The improvement method called deliberate practice can enhance social work through its use of focused training, expert supervision and regular self-evaluation, veteran social services worker Dustin MacDonald writes. He cites research tying effectiveness of clinicians to the amount of time spent in deliberate practice.
His elementary and middle school teaching experience pushed Gordon Capp into social work as a way to address children's deeper needs, and now he's working to add to his ranks. Capp is developing a training program for school social workers at California State University at Fullerton.
A Maine advocacy group is asking child welfare workers and agencies statewide for suggestions on how to improve the system, motivated by two children's deaths within the past year, allegedly at the hands of caregivers. Reforms enacted by the legislature last summer, including $21.2 million in new funding, left more to be done, the Maine Children's Alliance declared.
Adolescents who have experienced bias-based bullying -- meaning they were bullied because of their race, sexual orientation, disability or religion -- often reported school avoidance, psychological and academic difficulties, and fear of physical harm, according to a study in the journal Psychology of Violence. Researchers also found that those who were victims of general bullying, but not those who experienced single or multiple bias-based bullying, benefited from support from family, teachers, peers and the community, while victims of single bias-based and general bullying benefited from school safety and security measures.
Data-sharing between government units in child welfare remains underdeveloped even though it would immensely benefit recipients through evidence-based care, writes Shell Culp of Public Consulting Group. Funding and direction for modernization are available through the Comprehensive Child Welfare Information System Final Rule and the Family First Prevention Services Act, Culp writes.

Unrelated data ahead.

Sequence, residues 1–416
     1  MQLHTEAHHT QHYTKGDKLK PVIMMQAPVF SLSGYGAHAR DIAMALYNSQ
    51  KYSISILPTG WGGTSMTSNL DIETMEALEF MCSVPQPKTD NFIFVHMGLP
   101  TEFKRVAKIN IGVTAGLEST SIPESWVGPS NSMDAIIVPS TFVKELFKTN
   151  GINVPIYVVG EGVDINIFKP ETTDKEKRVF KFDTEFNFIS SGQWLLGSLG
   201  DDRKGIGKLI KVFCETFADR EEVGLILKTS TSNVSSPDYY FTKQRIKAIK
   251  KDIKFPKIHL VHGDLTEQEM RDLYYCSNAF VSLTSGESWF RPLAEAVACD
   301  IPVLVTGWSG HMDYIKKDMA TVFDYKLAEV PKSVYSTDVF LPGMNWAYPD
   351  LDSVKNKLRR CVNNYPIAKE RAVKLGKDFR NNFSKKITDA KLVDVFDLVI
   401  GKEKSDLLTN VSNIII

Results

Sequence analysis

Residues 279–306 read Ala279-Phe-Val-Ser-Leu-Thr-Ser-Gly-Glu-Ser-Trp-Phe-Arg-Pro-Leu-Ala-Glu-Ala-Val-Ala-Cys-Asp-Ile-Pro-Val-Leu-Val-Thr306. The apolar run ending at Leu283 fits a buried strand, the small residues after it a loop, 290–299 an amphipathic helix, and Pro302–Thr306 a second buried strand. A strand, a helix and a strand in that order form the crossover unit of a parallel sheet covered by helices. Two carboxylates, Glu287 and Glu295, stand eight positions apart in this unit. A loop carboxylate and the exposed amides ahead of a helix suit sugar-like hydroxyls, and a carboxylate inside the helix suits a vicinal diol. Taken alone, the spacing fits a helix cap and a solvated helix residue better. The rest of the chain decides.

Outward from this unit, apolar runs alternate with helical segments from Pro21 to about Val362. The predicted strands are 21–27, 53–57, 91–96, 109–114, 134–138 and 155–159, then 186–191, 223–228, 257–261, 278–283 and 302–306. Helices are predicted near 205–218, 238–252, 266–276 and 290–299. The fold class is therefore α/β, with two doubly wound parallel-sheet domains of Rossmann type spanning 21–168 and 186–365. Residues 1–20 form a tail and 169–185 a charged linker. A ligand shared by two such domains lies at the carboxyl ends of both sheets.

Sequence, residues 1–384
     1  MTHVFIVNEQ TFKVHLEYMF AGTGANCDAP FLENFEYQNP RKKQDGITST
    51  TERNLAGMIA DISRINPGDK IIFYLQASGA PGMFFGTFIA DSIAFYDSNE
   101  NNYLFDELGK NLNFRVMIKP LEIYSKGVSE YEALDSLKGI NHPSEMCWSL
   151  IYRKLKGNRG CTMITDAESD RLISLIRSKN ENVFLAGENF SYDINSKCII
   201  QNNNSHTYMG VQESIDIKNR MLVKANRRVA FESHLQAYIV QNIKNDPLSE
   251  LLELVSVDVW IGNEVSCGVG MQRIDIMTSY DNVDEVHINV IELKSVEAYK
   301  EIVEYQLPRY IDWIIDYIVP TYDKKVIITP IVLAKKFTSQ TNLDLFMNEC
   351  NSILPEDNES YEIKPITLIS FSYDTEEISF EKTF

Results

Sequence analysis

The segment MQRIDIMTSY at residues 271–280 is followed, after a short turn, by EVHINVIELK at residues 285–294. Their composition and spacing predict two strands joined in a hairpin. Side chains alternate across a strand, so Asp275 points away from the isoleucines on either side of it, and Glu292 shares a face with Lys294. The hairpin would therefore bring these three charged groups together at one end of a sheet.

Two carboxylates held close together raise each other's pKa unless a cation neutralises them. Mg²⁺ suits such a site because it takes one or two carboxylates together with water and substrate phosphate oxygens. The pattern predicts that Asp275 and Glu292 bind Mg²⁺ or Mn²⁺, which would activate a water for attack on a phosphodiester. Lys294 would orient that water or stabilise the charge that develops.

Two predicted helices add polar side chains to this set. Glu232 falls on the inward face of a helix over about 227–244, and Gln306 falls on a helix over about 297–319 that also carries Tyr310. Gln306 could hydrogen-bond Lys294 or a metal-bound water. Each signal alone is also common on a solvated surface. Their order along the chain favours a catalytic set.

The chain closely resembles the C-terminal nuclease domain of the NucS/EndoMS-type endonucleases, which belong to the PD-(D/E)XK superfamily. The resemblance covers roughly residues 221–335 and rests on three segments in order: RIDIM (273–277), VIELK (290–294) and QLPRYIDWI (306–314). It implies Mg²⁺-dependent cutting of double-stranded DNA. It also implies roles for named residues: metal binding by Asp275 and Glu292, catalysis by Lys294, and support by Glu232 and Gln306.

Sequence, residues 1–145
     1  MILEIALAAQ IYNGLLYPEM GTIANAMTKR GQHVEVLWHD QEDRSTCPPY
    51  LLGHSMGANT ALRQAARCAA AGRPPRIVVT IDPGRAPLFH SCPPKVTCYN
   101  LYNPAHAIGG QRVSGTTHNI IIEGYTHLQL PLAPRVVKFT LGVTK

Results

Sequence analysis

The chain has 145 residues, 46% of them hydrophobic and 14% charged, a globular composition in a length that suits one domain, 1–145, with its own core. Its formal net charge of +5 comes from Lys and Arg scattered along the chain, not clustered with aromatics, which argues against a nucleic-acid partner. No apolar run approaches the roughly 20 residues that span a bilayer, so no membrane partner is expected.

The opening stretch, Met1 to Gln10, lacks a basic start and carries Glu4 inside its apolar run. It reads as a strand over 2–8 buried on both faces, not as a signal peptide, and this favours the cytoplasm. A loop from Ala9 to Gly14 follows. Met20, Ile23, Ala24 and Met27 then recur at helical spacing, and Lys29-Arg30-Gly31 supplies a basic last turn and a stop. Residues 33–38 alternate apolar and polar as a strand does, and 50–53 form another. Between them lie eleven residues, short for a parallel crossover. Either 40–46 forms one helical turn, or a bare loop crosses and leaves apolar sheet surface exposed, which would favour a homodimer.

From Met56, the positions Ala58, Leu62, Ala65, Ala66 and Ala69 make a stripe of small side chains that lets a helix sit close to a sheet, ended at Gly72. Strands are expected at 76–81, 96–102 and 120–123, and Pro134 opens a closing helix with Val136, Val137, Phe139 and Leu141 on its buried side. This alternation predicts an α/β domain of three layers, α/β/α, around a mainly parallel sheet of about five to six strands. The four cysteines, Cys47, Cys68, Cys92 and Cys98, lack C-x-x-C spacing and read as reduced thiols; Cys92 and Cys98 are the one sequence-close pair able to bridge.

HHS Secretary Alex Azar said the CMS could soon permit health systems and hospitals to help with housing, nutritious food and other social determinants of health through Medicaid. "We believe we could spend less money on healthcare -- and, most important, help Americans live healthier lives -- if we did a better job of aligning federal health investments with our investments in non-healthcare needs," Azar said, noting officials at the Center for Medicare and Medicaid Innovation are exploring new strategies to better address social determinants.
Tomorrow's leaders may never reach that designation if we don't allow some leeway for communication that comes across as overly enthusiastic or candid, writes Karin Hurt. "We don't just need more people speaking up, we need to help our emerging leaders speak up in a way that can be heard so their ideas can add the most value," she writes.
Great leaders know they can't do it alone, so they recruit people who help them create order out of chaos, develop productive relationships and inspire employees to care about the organization's vision, write Deborah Ancona and Henrik Bresman. "[E]ffective leaders should know their strengths and weaknesses, so they can find people who complement them, not compliment them," they write.
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